Friday, January 20, 2012


Reviewed by James Karas

In September 2009, New York’s Metropolitan Opera parked Franco Zeffirelli’s production of Tosca and replaced it with a new staging by Swiss director Luc Bondy. Zeffirelli’s interpretation of Puccini’s potboiler held the stage for 25 years at Lincoln Center and a new production was definitely in order. The reception, however, was less than enthusiastic and Bondy was roundly booed when he took his bow on opening night.

The Met has not been deterred by the controversy and it has mounted the production again with a different cast and I caught the performance of January 14, 2012. American soprano Patricia Racette sang the title role with considerable success. She managed to be convincingly jealous and dramatic and what she lacked in tonal beauty at times did not detract from making her performance enjoyable. Her “Vissi d’arte” was quite gorgeous.

Tenor Roberto Alagna as Cavaradossi hit his stride early with “Recondita armonia” and maintained a finely tuned performance. He hit his high notes with ease and unerring accuracy, interacted well with Racette and gave a superb performance.

Georgian baritone George Gagnidze was a disappointing Scarpia. In his open black shirt, he looked more like a minor Mafia thug than a Baron and the Chief of Police. When I saw the performance Live in HD from the Met he exuded evil and depravity that were simply not visible in the live performance. He did not express any authority and gave the impression of a dirty, old man (OK he is middle aged) who is simply nasty and ineffectual. The three hookers in his office seemed simply out of place and his performance was unsatisfactory.

Part of the blame goes directly to Bondy and his directing of Act II. The set with the large couches and tawdry appearance, Scarpia’s attempted seduction of Tosca and her murder of him was almost comical in its ineffectiveness. The second act takes place in Scarpia’s study in the Farnese Palace. It looks more like a warehouse with barren walls and the large couches, useful, no doubt, for the hookers who seem to share the baron’s study.

Cavaradossi is famously tortured in an adjoining cell during the second act and in most productions he screams in agony. Bondy saves us from the melodramatic screams but he does not let Tosca see her beloved being abused either. There is something missing here to convince us that she has overwhelming cause for her pretended agreement to surrender her virtue to the monstrous Scarpia.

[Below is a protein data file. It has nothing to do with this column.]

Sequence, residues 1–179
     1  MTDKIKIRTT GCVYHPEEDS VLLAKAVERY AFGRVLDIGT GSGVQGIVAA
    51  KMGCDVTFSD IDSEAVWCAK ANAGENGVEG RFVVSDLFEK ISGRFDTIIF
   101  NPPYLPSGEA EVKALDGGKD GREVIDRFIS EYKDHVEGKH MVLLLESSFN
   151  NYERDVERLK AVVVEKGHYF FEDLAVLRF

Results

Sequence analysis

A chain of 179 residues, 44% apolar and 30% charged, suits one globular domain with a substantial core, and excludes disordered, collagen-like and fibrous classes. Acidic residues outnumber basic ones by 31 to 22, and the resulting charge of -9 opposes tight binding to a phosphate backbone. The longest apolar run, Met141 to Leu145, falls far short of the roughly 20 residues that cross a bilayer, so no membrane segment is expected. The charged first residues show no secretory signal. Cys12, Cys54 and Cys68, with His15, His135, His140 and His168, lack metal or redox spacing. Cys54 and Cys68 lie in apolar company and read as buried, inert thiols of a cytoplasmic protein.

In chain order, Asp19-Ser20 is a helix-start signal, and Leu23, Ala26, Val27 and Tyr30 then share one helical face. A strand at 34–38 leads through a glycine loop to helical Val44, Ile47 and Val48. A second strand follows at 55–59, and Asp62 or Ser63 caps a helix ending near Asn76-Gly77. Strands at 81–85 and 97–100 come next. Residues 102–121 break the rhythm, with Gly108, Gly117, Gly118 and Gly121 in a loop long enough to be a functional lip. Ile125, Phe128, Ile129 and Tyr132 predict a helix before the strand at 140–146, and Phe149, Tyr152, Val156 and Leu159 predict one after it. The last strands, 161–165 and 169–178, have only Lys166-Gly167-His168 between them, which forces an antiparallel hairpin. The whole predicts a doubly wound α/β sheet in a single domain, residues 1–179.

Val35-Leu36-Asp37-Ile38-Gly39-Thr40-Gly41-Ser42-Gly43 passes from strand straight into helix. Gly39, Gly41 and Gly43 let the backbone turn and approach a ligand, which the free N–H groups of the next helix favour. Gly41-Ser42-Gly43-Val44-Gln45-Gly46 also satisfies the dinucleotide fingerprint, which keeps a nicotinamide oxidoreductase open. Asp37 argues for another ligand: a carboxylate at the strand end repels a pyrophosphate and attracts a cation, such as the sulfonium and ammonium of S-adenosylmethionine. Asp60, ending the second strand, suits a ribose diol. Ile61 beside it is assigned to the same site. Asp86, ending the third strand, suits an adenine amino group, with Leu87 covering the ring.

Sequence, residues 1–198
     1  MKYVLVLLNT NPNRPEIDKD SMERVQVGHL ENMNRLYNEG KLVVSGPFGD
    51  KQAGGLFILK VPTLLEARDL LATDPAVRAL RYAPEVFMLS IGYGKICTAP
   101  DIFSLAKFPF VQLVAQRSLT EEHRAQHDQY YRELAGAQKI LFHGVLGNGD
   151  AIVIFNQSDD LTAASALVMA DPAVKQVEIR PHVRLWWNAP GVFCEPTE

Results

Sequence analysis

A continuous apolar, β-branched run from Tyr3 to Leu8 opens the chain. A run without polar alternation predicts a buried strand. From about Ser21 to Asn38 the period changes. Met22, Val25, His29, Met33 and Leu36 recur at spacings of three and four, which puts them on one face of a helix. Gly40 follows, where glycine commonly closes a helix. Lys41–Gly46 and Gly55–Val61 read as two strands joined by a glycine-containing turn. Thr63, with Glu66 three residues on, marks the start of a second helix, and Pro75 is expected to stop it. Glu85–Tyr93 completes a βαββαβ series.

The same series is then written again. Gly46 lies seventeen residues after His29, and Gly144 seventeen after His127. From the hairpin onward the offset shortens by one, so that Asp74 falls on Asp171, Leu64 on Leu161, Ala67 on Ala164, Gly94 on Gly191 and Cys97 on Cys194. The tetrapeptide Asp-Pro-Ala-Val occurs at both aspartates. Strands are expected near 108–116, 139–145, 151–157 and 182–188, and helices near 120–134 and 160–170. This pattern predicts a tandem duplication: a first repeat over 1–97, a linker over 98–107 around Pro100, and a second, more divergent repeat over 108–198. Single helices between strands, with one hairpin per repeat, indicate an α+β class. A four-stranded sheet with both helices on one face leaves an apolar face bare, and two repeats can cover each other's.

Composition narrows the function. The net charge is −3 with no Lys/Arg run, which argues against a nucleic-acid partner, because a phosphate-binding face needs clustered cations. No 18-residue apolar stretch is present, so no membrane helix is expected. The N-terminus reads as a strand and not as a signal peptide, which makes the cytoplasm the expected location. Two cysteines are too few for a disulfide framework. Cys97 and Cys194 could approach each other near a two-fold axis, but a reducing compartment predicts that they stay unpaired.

Richard Peduzzi’s set for first act in the church is reasonably effective. The set is grandiose if unadorned. Angelotti (Richard Bernstein) comes down a rope through a window in his dramatic escape from the police.

The set for Act III, the execution scene, is barebones with a wall for the shooting and a parapet for Tosca to jump off. Cavaradossi is shown playing chess with a guard. Really? Tosca usually jumps to her defiant death off the wall and away from the audience. Bondy has the dramatic idea of having her leap towards the audience. The lights are dramatically turned off as she is about to jump to her death.

Peduzzi’s sets and the costumes designed by Milena Canonero range from the good to the indifferent. Do move away from Zeffirellian concepts but give us something that will grab us with its originality and brilliance and not just make us scratch our heads.

Finnish conductor Mikko Franck conducted the superb Mtertopliyan Opera Orchestra brilliantly. If you did not like what was on stage you could always rely on what was coming from the pit.

In the end this is a Tosca to remember as much for its faults as for its virtues while waiting for a more inspired conception.

Tosca by Giacomo Puccini produced by the Metropolitan Opera continues at Lincoln Center, New York.

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